Poetry and literature win, with the Bleustein Blanchet Vocation Prize

Members of the jury Squirelito, Marie Françoise Leclère, Erik Orsenna, Philippe Taquet et Kaouther Adimi

In 1960, publicity genius Marcel Bleustein Blanchet created Fondation de la Vocation in order to help the young talented who needed a little push. Almost sixty years later, 1564 young people have been helped by this foundation in science, music, technology, the art and literature. It is the first prize giving ceremony of the “rentrée” and a very important one since famous French writers have been laureate over the years. The prize goes to under 30 year olds.

The poetry prize was won by 23 year old, Célestin de Meuus

The poetry prize has been awarded since 1984 and it went this year to a brilliant and very politically engaged young writer from Brussels who wrote “Cadastres”. He talked about poetry as “a way of erasing frontiers”. It was wonderful to see how passionate he was by his art.

Christophe Ono-di-Biot, Alain Germain and Anne de La Baume hand the award to Boris Bergmann

The literary prize was given to Boris Bergmann for “Nage Libre“, a novel which describes the friendship of two young men from the projects who liberate themselves through swimming and desire. He is published by Calmann Lévy. The author wrote his first novel, “Viens là que je te tue ma belle” (Come here so I kill you my beauty) at 15, and some members of the jury had read it at the time, eleven years ago. Both books are very socially inclined and go along the political trends of the time.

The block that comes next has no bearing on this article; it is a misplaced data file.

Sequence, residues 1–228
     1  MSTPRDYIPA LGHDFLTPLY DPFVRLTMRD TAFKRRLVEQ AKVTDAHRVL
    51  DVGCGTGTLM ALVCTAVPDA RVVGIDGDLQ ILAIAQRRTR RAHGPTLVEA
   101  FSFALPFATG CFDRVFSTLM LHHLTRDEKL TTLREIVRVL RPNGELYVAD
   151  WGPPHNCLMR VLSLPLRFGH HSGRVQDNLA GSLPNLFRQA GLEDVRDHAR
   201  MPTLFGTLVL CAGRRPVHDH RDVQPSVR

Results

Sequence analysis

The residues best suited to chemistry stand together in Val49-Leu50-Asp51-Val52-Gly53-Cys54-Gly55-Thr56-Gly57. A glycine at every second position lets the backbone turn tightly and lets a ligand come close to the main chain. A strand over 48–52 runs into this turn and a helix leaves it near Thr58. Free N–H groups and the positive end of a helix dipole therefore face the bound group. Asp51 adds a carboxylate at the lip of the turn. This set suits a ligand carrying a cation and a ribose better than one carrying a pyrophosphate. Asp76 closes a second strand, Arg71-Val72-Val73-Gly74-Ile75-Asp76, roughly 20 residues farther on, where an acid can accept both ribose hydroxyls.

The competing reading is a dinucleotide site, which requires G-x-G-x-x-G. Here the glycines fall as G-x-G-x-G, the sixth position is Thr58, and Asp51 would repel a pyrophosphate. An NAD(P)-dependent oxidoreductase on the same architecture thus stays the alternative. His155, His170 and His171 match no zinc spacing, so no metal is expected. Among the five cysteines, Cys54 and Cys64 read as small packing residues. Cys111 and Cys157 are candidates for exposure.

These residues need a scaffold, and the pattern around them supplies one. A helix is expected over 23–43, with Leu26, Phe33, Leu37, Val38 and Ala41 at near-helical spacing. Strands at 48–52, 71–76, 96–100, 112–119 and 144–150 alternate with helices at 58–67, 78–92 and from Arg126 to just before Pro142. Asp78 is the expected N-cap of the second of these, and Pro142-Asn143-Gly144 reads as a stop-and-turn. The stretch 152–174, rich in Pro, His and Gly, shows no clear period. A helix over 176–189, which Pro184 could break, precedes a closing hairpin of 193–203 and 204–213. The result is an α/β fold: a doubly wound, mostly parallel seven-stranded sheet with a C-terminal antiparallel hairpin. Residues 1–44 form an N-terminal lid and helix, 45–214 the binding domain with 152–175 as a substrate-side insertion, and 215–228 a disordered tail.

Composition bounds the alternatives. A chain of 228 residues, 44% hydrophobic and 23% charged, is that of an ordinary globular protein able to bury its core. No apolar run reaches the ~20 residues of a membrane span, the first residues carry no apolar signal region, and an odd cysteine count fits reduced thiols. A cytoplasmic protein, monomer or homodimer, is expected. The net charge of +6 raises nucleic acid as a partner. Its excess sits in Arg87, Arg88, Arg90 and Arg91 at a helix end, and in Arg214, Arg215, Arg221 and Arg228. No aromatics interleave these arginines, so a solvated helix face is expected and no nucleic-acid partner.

Next December, the awards for music, technology, science, architecture, cinema, etc… will also be awarded. And if you are interested in sponsoring a young genius, go on the website and follow the careers of all former laureates…It is very impressive.

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One Comment on ““Poetry and literature win, with the Bleustein Blanchet Vocation Prize”

  1. de boisgelin

    Thanks, Laure, for sharing the enthusiasm and energy of the young generation !

    I have been searching the English for “rentrée” for a long time. Is there no such concept in English ?? Do our English and American friends keep working on Long Island, in Scotland, in Cornwall ?? Yet, a break is a common English word…

    Anyone able to help me solve this enigma ?

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